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Thebe Magugu: Designing his dreams, despite the odds

Magugu and adidas collaborate to bring impossible dreams in his Northern Cape community within reach

‘All my collabs must have a purpose and communicate key values,’ says Thebe Magugu.
‘All my collabs must have a purpose and communicate key values,’ says Thebe Magugu.
Image: Supplied/adidas

Born in Galeshewe Township in Kimberley, Northern Cape, fashion designer Thebe Magugu has brought global fashion to SA and infused it with local consciousness to tell previously untold stories.

His artistry lies in his ability to transcend the aesthetic aspects of his craft and create a narrative for the perseverance and resilience of SA’s “ordinary” heroes — like his township community and family, traditional healers, and the women of the Black Sash.

Just 27 years old, and only having graduated from Joburg’s Lisof School of Fashion and Design in 2016, Magugu’s list of accolades is already stellar. In 2019, he was the first African to be awarded the prestigious LVMH Prize for Young Fashion Designers.

In 2020, he staged his debut presentation at Paris Fashion Week. One of his creations resides in the permanent collection of the Fashion Institute of Technology in New York. Closer to home, his collaboration with adidas is pushing him even further in the direction of purpose and responsibility.

“When you’re young, you think about the surface. It’s all about the flash and the glamour. Having matured a bit, I see that fashion has a bigger responsibility. All my collabs must have a purpose and communicate key values.” 

Maguagu says that as fashion took a hit during Covid-19, it gave him an opportunity to rethink his messaging: “My purpose became about empowering communities, and adidas has the same brand ideals. This collaboration is enabling me to harness the power of fashion — its immediacy and reach — to talk about a global catastrophe on a very localised level. Some people have different masks for each outfit, while others in hard-hit low-income areas don’t have access to masks at all. Our mask project has changed that in some communities. We’ve also been able to change schooling for the children in some communities, by bringing online teaching resources and skills within reach.”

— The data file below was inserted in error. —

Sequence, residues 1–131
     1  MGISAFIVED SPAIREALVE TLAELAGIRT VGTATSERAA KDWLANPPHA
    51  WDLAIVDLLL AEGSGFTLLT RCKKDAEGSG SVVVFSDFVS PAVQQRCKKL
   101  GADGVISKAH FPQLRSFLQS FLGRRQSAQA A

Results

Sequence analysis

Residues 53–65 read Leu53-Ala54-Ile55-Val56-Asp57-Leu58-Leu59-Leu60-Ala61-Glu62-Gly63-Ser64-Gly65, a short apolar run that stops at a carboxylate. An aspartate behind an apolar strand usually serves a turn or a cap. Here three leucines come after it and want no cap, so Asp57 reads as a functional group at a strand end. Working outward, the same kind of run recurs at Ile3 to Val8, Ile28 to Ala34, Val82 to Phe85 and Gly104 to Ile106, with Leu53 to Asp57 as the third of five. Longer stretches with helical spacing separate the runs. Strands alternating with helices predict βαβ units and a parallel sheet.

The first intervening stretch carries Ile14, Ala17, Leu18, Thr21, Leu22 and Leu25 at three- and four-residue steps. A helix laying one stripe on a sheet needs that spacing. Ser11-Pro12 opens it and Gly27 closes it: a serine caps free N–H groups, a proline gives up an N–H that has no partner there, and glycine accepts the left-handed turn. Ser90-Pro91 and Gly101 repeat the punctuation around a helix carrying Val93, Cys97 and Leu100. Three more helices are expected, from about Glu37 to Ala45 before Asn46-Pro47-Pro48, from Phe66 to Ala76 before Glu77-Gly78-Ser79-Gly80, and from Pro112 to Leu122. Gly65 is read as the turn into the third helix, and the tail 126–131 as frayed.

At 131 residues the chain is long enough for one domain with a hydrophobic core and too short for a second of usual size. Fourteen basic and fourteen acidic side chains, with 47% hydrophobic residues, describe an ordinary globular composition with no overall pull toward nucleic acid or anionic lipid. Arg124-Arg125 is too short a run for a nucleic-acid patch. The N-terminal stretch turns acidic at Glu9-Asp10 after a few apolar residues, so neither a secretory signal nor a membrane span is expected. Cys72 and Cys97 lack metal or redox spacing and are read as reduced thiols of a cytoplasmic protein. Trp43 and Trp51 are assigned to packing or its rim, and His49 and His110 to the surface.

Education and family lie very close to Magugu’s heart. Without either, his aspirations would have been impossible to attain. He learnt at an early age, from the women in his family, that fashion has power; that people can use their style both to communicate and to protect themselves. At school, he started a magazine called Little Black Book, in which he repackaged international stories and trends for the community. Back then, this book went on to replace the school magazine. Now, he names each season’s collection for a university subject and publishes a magazine called Faculty Press.

Magugu reflects for a few moments before articulating the legacy he’d like to leave — a difficult question for someone so young. “I like the idea of giving people more knowledge and piquing their curiosity, of telling SA’s stories so that we don’t lose our history. 

“My intention is to use fashion to expand people’s reference and knowledge about our culture and heritage. I want to be remembered for having been an example of perseverance and resilience; for being an inspiration to people who find themselves in tough spaces.”

If Magugu has his way, he’d also like to be remembered for one day dressing Michelle Obama: “Her history encapsulates so many of my beliefs. She has immense strength of character, and she remains so driven. Her wardrobe is always so beautifully political. While she was the First Lady, showcasing young, upcoming designers from all over the world was an incredible and powerful statement, and she continues to change the world in style and grace.” 

An impossible dream? Most likely not, given Magugu’s tenacity and sheer commitment to changing the world through fashion. 

This article was paid for by adidas.